If Hamish Alexander had his way, he would play golf all the time.
The Imaging and Printing Group (IPG) country manager is a self-confessed golf fanatic with a handicap of eight.
“It’s hard to play golf in the winter but even if it’s raining I will go and play.”
He has played with Tiger Woods’ caddie Steve Williams in Christchurch and his favourite golf course is in Helensville, Auckland. This is closely followed by Callum Heights in Queenstown.
“The scenery is up there with the overseas courses, it’s not so much about the course.”
When Alexander was living in Sydney, his family was still based in New Zealand so he would play on Saturday and Sunday.
Alexander also enjoys fishing for snapper and rock fishing. If it’s a hard to reach place that takes an hour to walk to, he will happily go along.
He even managed to spend the night on a rock with three mates at a spot near Piha after misjudging when the tide was coming back in.
“We had a bottle of whiskey with us so we were okay,” he laughs.
“Everyone was looking for us the next day but we were fine.”
After 14 years in the fast moving consumer goods (FMCG) industry, Alexander is a relative latecomer to IT.
He worked in a number of FMCG divisions including pharmacy, grocery and hair salons.
Among his FMCG roles was a memorable stint at Japanese health and beauty company Shiseido, as a regional director.
“I travelled with three Japanese gentlemen acting as an interpreter for them as their English was non-existent. We travelled throughout New Zealand, Australia and the US.”
After this, he worked for pharmaceutical firm BDM Grange.
He says switching to IT was opportunistic, as he wanted to see what IT was all about.
Alexander made the transition during his time at Nutech, now a division of local stationery company Croxley, whose agencies include Brother and HP.
“All the disciplines from FMCG are very different, so it took awhile to adapt and adjust.”
However, Alexander says both FMCG and IT are intense, quickly-changing sectors.
“FMCG is a very fast-paced environment where you have to react quickly. The volumes are huge and the negotiations are tough. Although there is a different skill set required, the selling [in IT] is still needs based.”
He shifted to HP five years ago as a sales and marketing manager, and says going from a small New Zealand business to “the machine” - as he likes to call HP - was a lot easier because of his prior experience with the vendor’s printers.
“Once you’re in the Imaging and Printing Group (IPG) it’s quite an exciting place to be. I was the delegate to the vice president, so anything new that came along within IPG that needed to researched or developed was given to me.”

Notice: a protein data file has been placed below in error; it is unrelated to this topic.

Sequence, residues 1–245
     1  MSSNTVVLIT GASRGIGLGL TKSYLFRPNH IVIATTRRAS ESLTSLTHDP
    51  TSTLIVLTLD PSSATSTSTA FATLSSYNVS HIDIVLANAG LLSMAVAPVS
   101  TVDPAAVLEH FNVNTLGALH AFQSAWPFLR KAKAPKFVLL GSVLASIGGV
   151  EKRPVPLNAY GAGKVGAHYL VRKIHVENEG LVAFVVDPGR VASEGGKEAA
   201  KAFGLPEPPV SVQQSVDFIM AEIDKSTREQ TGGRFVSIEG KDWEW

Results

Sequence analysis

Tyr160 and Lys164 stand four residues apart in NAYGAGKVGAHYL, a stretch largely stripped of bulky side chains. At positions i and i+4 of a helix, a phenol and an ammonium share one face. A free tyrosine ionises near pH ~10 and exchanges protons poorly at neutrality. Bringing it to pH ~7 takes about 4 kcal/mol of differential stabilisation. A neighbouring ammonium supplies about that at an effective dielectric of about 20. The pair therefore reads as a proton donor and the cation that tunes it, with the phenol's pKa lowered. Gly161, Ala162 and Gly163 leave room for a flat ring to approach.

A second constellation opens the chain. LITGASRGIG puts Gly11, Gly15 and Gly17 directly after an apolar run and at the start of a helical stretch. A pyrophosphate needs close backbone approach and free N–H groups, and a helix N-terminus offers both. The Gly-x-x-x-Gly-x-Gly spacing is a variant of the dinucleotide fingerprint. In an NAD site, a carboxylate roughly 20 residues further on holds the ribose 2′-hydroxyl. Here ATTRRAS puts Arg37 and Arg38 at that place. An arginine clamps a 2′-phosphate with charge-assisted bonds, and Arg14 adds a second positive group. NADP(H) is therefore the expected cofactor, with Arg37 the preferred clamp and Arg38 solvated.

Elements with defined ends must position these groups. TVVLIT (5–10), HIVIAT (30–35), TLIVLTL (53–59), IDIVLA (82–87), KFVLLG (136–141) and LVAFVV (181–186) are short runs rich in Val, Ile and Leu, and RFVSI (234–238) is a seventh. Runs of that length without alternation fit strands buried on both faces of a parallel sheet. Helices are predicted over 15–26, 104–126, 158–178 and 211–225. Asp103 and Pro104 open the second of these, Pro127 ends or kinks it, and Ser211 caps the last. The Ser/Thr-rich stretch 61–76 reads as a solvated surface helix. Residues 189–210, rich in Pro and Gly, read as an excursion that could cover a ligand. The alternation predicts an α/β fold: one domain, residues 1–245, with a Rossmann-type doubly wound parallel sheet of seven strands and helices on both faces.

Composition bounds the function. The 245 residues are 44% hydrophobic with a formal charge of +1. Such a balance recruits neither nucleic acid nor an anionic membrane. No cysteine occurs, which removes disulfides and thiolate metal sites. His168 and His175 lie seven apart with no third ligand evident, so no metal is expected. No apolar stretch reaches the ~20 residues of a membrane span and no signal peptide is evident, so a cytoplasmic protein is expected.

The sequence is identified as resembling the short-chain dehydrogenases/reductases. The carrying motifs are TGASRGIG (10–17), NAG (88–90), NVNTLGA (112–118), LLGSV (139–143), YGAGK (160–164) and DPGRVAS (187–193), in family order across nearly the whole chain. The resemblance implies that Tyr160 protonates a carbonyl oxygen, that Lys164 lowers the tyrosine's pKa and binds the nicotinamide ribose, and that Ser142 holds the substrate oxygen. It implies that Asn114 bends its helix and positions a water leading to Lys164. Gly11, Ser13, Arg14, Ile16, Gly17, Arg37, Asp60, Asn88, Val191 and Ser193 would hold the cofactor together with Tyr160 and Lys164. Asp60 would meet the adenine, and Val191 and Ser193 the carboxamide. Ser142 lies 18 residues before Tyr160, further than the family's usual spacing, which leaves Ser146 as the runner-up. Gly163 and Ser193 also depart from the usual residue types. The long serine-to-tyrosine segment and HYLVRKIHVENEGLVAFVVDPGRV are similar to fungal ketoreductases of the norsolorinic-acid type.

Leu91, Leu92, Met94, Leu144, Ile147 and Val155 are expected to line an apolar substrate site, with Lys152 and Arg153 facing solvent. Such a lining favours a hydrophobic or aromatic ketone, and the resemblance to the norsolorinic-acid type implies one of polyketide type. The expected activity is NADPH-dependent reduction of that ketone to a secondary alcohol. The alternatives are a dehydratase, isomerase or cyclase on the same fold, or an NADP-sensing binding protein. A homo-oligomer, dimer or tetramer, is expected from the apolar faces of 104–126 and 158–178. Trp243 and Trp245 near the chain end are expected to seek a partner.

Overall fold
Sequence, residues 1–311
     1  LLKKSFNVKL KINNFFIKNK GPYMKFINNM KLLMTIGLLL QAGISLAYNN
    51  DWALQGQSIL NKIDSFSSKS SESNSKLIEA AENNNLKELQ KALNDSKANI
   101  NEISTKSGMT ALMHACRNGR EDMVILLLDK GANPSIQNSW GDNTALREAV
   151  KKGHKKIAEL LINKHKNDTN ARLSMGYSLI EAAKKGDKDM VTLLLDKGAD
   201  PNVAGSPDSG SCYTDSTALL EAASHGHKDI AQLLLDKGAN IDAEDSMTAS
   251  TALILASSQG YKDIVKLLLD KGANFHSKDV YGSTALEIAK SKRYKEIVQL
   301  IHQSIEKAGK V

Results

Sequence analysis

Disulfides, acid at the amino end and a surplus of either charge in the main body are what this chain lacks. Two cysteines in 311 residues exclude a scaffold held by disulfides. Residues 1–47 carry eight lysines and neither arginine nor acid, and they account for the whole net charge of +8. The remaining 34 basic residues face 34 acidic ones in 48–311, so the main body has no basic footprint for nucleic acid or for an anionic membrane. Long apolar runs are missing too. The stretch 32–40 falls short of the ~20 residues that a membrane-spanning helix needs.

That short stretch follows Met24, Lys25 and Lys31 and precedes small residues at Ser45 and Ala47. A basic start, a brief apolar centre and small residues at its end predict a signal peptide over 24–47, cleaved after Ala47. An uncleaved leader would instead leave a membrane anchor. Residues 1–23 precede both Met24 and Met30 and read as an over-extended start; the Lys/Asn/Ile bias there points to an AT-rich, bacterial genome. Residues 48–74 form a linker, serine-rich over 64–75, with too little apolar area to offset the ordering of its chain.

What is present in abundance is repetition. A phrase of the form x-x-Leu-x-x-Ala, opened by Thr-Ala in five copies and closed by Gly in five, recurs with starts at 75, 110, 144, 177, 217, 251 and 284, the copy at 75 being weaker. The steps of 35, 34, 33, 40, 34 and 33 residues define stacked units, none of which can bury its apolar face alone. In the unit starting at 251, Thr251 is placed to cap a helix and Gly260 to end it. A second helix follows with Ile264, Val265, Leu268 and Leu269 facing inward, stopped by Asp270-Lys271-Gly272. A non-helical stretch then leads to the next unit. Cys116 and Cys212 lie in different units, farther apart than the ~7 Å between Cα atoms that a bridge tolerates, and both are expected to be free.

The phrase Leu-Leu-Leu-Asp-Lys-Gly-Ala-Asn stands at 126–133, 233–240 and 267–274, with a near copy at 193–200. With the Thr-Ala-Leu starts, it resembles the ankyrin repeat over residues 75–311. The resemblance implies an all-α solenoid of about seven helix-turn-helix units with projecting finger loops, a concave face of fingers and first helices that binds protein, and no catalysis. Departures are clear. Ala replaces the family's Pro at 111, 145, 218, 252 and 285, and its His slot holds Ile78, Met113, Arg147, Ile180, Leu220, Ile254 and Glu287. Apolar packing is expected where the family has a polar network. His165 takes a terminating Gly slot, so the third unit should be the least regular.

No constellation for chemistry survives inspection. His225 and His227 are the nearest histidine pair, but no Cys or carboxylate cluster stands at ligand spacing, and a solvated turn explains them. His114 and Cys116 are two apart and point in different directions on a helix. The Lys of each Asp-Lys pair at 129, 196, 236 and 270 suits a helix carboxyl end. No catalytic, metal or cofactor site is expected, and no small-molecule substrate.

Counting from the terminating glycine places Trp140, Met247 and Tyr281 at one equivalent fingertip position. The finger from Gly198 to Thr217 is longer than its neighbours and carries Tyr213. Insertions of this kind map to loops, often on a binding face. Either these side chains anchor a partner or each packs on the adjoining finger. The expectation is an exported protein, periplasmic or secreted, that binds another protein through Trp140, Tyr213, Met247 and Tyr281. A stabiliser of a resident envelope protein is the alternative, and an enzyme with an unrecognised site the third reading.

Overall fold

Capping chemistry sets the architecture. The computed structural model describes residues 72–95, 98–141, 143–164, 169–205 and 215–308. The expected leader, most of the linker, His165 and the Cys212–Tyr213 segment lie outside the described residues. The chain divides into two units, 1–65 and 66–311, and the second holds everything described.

Alexander also spent three years in Australia as HP’s business development manager and retail photo business manager.
“Sydney was a great place to live and I miss it. My role was an Asia Pacific one so I travelled around Asia a lot developing the photo [division].”
As retail photo business manager, he helped secure retail photo kiosks in Kmart stores across ANZ.
“HP is either at number one or number two [in terms of sales] for most products we do, but in photo kiosks we were at number four. The software wasn’t there and print speeds and volumes weren’t there. It took us a good two years before we got things right.”
He also learnt about different Asian cultures and how to work within those cultures.
“Working across IPG has given me a thorough understanding of the printing needs of everyone, from consumers to large enterprises.”
His first strategy as country manager is to build the IPG team. He has hired five new staff and says the culture has changed to have more of a sales focus.
Three staff have been hired in the consumer team and two in the enterprise space. Alexander says this is designed to build up its strength and intellectual knowledge.
“We’re very good at selling boxes but we want to be a printing company, not a printer company.”
He also wants IPG to take a more focused approach to partners.
“We’re offering incentives such as office print specialisation which is specifically designed for partners. We want to understand what their pain points are and work through how we can grow together.
The New Zealand market is relatively small and the enterprise space for print is not that big. Being able to capture and allow partners that play in that space to have an offer that’s compelling.”
To interact with partners more closely, the IPG division will also be taking part in the Ingram Micro Showcase and Exeed’s series of roadshows.